To find out more about World Oceans Day, please click here.

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Book of the Month - June 2017 31 May 2017

Our June Book of the Month is Teaching Classics in English Schools, 1500-1840 by Matthew Adams.

This book provides a concise and engaging history of classical education in English schools, beginning in 1500 and ending with the headmastership of Thomas Arnold of Rugby School. By examining the pedagogical origins of Latin and Greek in the school curriculum, the book provides historical perspective to the modern study of Classics, revealing how and why the school curriculum developed as it did. The book also shows how schools responded and adapted to societal needs, and charts social change through the prism of classical education in English schools over a period of 350 years. Teaching Classics in English Schools, 1500–1840 provides an overview and insight into the world of classical education from the Renaissance to the Victorians without becoming entrenched in the analytical in-depth interpretative questions which can often detract from a book’s readability. It includes previously unpublished material, and a new synthesis and analysis of the teaching of Classics in English schools. This will be the perfect reference book for those who teach classical subjects, in both schools and universities, and also for university students who are studying Classical Reception as part of their taught or research degree.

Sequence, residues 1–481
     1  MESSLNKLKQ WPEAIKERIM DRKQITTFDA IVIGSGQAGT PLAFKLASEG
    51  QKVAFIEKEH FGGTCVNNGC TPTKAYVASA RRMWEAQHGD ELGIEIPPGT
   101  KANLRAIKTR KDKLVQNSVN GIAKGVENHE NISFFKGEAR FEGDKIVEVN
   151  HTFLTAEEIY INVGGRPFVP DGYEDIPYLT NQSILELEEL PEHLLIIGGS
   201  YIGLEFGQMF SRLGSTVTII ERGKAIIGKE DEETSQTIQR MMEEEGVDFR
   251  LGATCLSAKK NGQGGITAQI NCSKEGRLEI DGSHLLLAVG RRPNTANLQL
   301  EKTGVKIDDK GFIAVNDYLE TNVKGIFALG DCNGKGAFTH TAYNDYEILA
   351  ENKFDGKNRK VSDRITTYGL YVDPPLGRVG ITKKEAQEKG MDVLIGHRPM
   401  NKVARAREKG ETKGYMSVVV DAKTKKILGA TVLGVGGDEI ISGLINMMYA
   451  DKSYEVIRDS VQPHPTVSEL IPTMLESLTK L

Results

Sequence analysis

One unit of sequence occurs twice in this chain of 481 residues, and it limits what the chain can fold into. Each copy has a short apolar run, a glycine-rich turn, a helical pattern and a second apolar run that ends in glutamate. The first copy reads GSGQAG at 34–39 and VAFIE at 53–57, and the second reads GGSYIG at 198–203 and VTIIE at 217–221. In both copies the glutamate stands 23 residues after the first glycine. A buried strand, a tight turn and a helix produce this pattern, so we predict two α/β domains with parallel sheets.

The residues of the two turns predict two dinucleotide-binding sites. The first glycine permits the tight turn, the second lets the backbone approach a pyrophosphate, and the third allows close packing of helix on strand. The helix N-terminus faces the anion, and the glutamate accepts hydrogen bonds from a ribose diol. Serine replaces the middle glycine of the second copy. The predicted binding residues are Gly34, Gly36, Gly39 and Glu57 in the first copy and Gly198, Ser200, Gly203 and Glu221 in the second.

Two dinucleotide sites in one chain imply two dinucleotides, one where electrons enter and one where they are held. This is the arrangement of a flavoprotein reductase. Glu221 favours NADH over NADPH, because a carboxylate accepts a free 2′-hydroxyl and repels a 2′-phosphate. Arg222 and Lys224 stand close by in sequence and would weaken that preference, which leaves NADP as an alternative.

To find out more, please click here to read a sample extract and contents page. 

We are offering all of our readers a generous 60% discount on this best-selling title. To redeem your discount, please enter the promotional code BOMJUN17 during checkout. Please note that this is a time-limited offer that will expire on 2nd July 2017.

Please see below for highlights of the praise this book has been receiving:

“Lily’s Grammar, and all that it represents, underlies much of this highly engaging study of Classical education in English schools from ‘the arrival of humanism’ to nearly the end of Thomas Arnold’s transforming headmastership at Rugby School. Adams, equipped with the experience and perceptions of a twenty-first-century teacher of Classics, takes his reader into the classrooms of the three and a half centuries that he covers. By careful analysis of a range of sources ... a strikingly vivid picture is created. [...] This readable volume is a most welcome addition to the growing number of studies of the history of Classical reception.”